Karthik’s Take: Let’s talk NBA shot values

0
371
Charlotte Hornets’ Miles Bridges dunks as New York Knicks’ Elfrid Payton, left, and Julius Randle defend during the first half of an NBA basketball game Tuesday, April 20, 2021, in New York. (Sarah Stier/Pool Photo via AP)

At the most basic level, basketball is about putting the ball in the hoop at a higher rate than your opponent. With the recent analytics boom in the NBA, executives have begun deferring to the mathematics to determine what the optimal type of offense is. This type of statistical analysis is known as a shot value diagnosis. A shot value diagnosis determines the value of a shot by multiplying its value by its probability of going in from various locations on the basketball court through a metric known as expected points per shot (EPPS). This allows teams to understand which types of shots should be taken in the greatest volume in order to maximize offensive efficiency.   

An analysis at Duke University took this idea one step further by factoring in defensive tendencies that shifted based on the shooting threat various players posed. Players were assigned gravity scores based on their spot-up shooting percentages and likelihood to create scoring opportunities from off-ball situations. A gravity score measures how much attention a player draws from the defense. This information was then used to find correlations using linear best fit models between the player’s gravity scores and team shooting efficiency. The researchers ascertained that when players off the ball had high perimeter gravity, it opened up teammates for more high percentage three-point shots. Additionally, players that had higher gravity at the top of the key were able to create more opportunities at the basket in the form of layups and dunks. This data was analyzed using footage from Duke’s 2014-15 NCAA season, but the trends extrapolate seamlessly into the NBA game. In fact, the level of offensive talent at the professional level makes the correlations even stronger, as players there have significantly more polished offensive skill sets on average.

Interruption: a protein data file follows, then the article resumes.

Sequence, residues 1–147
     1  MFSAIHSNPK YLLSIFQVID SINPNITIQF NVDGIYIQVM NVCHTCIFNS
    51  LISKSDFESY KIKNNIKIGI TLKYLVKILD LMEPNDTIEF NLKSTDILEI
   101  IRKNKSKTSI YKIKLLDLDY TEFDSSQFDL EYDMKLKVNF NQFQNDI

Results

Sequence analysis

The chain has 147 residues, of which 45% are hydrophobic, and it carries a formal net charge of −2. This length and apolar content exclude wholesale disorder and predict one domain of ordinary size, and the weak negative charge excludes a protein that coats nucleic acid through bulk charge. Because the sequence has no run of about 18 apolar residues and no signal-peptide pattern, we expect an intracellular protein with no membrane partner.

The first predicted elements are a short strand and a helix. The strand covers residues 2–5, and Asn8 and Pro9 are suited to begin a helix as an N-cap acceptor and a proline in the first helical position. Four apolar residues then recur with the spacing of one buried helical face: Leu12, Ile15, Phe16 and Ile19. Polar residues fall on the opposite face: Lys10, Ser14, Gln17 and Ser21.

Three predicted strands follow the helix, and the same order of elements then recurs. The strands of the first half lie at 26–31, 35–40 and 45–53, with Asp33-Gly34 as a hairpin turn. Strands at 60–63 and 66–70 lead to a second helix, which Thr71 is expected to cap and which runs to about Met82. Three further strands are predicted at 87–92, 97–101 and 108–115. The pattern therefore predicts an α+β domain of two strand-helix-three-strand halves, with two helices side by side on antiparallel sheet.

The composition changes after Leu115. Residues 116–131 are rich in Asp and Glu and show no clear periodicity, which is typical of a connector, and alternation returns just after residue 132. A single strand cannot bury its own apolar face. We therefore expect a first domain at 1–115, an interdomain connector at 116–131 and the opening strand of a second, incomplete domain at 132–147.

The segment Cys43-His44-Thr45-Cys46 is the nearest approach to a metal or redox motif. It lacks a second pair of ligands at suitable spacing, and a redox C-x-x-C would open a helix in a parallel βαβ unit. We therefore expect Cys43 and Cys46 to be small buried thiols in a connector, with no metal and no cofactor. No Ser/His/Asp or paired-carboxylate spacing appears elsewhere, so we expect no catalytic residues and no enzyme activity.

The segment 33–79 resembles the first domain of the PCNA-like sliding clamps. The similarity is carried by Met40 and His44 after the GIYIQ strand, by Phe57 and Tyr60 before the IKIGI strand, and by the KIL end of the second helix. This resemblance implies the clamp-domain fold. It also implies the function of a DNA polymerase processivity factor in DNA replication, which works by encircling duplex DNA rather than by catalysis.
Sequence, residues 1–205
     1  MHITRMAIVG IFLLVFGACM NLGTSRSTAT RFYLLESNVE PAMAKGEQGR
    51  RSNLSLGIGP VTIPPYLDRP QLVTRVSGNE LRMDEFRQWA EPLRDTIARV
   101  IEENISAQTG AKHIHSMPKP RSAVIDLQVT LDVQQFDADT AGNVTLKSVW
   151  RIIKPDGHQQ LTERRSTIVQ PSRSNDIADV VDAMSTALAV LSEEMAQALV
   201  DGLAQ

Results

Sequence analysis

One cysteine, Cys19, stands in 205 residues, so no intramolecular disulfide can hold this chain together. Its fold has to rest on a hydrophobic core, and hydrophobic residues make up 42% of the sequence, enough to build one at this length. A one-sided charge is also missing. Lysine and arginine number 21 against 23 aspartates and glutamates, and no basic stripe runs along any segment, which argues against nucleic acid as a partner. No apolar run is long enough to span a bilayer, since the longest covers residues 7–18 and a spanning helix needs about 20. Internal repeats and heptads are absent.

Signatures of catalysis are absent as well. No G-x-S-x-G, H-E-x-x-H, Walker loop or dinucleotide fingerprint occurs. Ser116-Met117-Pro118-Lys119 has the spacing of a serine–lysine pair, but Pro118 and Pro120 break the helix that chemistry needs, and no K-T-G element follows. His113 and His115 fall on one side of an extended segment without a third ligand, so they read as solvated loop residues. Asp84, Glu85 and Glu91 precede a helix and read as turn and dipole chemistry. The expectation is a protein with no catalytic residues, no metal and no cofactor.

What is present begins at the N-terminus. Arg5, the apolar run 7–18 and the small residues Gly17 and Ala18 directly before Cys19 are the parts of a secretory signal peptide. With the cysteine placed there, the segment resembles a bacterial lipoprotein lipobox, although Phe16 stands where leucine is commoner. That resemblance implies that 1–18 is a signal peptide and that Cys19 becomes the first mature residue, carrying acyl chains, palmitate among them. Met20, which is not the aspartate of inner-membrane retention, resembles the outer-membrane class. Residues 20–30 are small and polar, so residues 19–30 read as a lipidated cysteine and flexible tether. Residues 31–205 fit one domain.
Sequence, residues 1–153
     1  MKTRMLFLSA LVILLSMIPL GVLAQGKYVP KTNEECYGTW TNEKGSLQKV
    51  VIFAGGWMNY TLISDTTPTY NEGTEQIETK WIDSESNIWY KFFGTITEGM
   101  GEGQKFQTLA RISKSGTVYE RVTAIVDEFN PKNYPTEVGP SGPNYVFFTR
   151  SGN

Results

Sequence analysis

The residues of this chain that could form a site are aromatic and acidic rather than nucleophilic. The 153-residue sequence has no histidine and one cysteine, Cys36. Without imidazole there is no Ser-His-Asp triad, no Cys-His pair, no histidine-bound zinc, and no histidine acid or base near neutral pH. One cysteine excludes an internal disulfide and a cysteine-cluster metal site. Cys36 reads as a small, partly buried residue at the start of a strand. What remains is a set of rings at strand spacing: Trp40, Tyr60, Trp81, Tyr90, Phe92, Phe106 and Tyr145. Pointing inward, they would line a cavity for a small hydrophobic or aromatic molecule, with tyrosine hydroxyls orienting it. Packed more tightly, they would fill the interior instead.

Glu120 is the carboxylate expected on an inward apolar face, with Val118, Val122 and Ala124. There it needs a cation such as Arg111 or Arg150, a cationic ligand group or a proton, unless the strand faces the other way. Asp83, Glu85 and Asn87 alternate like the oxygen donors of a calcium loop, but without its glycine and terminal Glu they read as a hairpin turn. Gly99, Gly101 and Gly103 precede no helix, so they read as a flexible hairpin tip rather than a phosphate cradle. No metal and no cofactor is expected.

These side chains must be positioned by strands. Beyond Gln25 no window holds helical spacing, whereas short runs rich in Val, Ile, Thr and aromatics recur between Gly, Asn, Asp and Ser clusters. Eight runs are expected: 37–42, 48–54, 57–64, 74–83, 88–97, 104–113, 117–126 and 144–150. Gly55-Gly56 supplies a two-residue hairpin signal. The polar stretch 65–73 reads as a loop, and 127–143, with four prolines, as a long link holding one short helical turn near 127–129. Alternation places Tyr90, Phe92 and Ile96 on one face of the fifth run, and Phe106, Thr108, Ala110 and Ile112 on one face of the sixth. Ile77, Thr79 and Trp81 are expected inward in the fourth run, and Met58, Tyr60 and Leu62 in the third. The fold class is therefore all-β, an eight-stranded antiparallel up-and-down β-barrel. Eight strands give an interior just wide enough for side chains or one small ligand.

During the 2018-19 NBA season, given league shooting averages, a three-point shot in the NBA had an EEPI of 1.07 in comparison to a mid-range shot that only had one of 0.81. Unsurprisingly, the NBA has been launching an unprecedented amount of threes. For perspective, “Twenty years ago, 17% of NBA shots were threes. Ten years ago, it was 22%. Five years ago, it climbed to 28%. And it didn’t stop there. The 3-point rate across the entire league kept rising until it soared near another milestone in the first month of this season: It’s settling at almost exactly 40%.” Teams have embraced the analytics boom and attempted to recreate the Golden State Warriors championship model by investing heavily into players that can shoot the long ball in high volume while maintaining efficiency.  

New York Knicks forward Julius Randle, right, defends a shot by New Orleans Pelicans forward Zion Williamson, left, during the second half of an NBA basketball game Sunday, April 18, 2021, in New York. (AP Photo/Adam Hunger, Pool)

Interestingly enough, the EEPI of three-point shots has remained relatively constant in recent years despite the increase in three-point shot attempts. This means the NBA is hitting a ceiling in regards to three-point shooting accuracy. In other words, not everyone can be Stephen Curry or Damian Lillard. The average shooting accuracy from this distance will most likely not reach something absurd to where all other forms of offense become null and void.